On March 26 and 27, 2 symptomatic SNF residents were tested for SARS-CoV-2; on March 28, both tests returned positive. Given the high-risk implications of an outbreak and increased availability of in-house testing, all SNF residents (n = 100) were tested regardless of symptoms. This surveillance identified 14 asymptomatic SARS-CoV-2–positive residents from 2 SNF units who were moved to the tertiary-care facility and isolated under appropriate precautions. On April 3 and April 6, 57 residents who originally tested negative but lived in the same SNF unit as the SARS-CoV-2 positive individuals were retested, and 2 additional asymptomatic cases were identified. On April 13, a third round of testing was conducted among 39 residents who lived on the same unit as the SARS-CoV-2–positive residents were retested between April 3 and 6; none were positive. A fourth surveillance round (n = 87) on April 23 also yielded negative results.

Inpatient psychiatry unit surveillance

On April 8 and 9, 45 patients from the inpatient psychiatry unit and 21 patients in the geriatric dementia unit all tested negative. Following this unit-wide testing, all new admissions were required to have a negative SARS-CoV-2 test.

Pre-existing and new inpatient admission surveillance

On April 10, universal hospital-wide SARS-CoV-2 testing was implemented on all inpatients (medical or surgical) who had not previously been tested or tested negative on admission. Overall, 32 inpatients were tested and 2 new positive cases were identified. Also, 22 patients with a previously negative test were retested; all remained negative. From April 10 onward, all new admissions were tested and all inpatients were retested every 7 days. Between April 10 and 29, 12 new inpatient admissions tested positive, 2 of whom lacked classic COVID-19 symptoms and would otherwise not have met symptom-based testing criteria.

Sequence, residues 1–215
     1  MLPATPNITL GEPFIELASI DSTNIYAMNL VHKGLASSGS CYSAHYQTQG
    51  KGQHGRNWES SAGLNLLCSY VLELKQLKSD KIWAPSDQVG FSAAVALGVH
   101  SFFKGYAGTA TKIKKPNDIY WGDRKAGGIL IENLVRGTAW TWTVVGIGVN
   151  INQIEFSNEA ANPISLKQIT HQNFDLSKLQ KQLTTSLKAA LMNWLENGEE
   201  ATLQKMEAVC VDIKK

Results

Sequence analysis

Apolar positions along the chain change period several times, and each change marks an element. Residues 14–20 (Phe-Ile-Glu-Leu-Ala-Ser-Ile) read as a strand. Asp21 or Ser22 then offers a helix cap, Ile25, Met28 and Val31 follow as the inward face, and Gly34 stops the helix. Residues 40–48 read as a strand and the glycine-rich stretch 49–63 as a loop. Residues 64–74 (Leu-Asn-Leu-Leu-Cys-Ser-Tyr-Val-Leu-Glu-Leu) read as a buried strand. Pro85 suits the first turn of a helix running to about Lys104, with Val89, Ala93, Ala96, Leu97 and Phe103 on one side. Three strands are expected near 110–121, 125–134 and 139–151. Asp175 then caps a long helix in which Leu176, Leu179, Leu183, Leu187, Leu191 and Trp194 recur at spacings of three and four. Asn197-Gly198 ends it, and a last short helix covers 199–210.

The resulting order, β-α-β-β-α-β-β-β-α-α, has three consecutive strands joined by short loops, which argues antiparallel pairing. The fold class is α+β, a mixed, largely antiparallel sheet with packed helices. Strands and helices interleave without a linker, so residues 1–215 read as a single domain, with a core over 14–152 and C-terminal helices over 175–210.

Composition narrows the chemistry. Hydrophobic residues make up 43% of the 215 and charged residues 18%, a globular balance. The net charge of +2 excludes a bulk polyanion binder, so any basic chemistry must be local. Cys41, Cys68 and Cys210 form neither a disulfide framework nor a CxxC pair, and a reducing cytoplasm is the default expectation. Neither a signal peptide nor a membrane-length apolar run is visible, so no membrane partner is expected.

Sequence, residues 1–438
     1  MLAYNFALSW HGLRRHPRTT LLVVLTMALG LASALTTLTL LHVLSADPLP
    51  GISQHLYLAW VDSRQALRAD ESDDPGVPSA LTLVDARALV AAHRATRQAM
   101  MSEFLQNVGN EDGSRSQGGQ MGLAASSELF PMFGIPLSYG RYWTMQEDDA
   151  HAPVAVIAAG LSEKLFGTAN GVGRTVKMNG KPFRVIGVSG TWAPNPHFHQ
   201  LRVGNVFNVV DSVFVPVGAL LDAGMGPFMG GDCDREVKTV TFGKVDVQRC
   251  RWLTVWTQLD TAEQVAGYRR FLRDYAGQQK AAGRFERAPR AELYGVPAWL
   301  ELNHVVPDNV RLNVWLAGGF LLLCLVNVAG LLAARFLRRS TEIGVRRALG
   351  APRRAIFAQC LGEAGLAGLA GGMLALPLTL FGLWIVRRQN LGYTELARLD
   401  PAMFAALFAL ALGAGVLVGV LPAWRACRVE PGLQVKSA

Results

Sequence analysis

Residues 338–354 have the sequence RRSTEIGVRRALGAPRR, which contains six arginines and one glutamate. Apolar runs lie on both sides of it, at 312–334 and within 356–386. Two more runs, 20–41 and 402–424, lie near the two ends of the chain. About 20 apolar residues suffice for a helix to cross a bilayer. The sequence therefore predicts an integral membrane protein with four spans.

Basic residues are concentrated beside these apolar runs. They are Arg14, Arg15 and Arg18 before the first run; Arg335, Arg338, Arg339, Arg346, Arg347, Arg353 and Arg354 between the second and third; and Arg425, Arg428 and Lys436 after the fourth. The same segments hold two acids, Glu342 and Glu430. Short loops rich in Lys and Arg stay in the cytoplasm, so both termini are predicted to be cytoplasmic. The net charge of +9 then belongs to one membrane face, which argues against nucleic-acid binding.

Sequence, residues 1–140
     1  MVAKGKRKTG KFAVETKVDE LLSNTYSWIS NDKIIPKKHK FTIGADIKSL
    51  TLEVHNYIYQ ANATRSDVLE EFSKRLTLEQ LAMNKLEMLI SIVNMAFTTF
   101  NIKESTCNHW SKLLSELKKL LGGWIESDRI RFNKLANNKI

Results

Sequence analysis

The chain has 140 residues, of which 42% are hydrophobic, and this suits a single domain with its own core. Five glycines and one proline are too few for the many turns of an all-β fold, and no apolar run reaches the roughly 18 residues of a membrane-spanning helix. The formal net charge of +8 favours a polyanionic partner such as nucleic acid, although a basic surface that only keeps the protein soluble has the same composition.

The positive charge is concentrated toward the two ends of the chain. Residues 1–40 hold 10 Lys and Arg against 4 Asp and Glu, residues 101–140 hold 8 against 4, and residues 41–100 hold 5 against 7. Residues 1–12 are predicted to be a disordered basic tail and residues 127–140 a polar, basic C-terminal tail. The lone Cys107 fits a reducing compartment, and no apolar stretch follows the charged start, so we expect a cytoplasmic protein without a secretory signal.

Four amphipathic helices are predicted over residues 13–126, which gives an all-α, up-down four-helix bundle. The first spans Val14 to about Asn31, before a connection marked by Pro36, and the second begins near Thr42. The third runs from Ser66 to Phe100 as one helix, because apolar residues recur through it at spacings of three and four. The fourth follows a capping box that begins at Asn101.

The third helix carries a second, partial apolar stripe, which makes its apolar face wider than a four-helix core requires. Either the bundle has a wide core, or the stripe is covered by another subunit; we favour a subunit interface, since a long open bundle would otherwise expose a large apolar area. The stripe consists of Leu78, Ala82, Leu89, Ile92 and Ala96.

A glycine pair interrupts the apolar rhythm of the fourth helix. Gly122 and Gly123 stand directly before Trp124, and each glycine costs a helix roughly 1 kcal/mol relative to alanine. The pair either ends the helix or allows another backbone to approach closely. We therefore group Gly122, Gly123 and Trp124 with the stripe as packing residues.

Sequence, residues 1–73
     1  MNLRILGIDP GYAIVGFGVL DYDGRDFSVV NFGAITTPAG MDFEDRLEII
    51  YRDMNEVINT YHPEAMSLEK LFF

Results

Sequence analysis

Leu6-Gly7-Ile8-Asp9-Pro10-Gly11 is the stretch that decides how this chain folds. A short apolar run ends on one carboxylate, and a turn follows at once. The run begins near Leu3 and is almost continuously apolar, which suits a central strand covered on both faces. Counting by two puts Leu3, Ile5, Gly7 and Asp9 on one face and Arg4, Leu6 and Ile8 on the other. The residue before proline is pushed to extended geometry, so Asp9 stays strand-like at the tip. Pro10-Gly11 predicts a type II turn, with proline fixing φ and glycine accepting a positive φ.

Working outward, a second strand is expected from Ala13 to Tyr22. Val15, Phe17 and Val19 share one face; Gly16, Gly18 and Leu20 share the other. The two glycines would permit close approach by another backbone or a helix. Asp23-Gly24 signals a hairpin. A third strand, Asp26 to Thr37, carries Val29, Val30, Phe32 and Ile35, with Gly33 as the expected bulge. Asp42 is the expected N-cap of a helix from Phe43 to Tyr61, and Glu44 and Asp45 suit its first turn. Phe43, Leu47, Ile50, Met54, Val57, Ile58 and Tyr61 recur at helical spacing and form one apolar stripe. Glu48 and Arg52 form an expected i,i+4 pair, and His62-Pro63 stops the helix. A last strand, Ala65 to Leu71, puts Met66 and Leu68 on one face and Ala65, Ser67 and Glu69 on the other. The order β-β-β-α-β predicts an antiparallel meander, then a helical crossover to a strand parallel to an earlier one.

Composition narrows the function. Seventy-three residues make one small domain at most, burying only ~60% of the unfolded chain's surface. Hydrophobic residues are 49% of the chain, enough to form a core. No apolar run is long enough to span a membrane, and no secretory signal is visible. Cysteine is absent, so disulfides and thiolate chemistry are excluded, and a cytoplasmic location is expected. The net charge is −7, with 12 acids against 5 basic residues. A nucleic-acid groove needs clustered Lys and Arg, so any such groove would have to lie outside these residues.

Temporary shelter units for surveillance of homeless individuals

From April 14 to 17, 106 individuals participating in temporary shelter programs were tested for SARS-CoV-2; all tests were negative. Also, 2 individuals who had tested positive before arriving at the campus were housed in an area designated for SARS-CoV-2–positive patients for 14 days prior to shelter entry.

Surveillance in the residential rehabilitation treatment center

On April 16, 76 residents from the on-campus residential rehabilitation treatment center for substance use were tested; all were negative.

Surveillance among dialysis patients

From April 22 to 28, 55 patients receiving dialysis at VAGLAHS were tested; 2 tested positive. Although neither had symptoms or signs characteristic of COVID-19, both were admitted to acute care for isolation and monitoring.

Discussion

To our knowledge, this is the first description of a widespread laboratory surveillance program for SARS-CoV-2 on an integrated medical campus. In the early days of the pandemic, testing capacity was limited, so efforts focused predominantly on symptomatic individuals. As testing capacity increased in early April and the importance of asymptomatic transmission was recognized, we transitioned to a more comprehensive program in which we identified 22 asymptomatic individuals who would not otherwise have been diagnosed.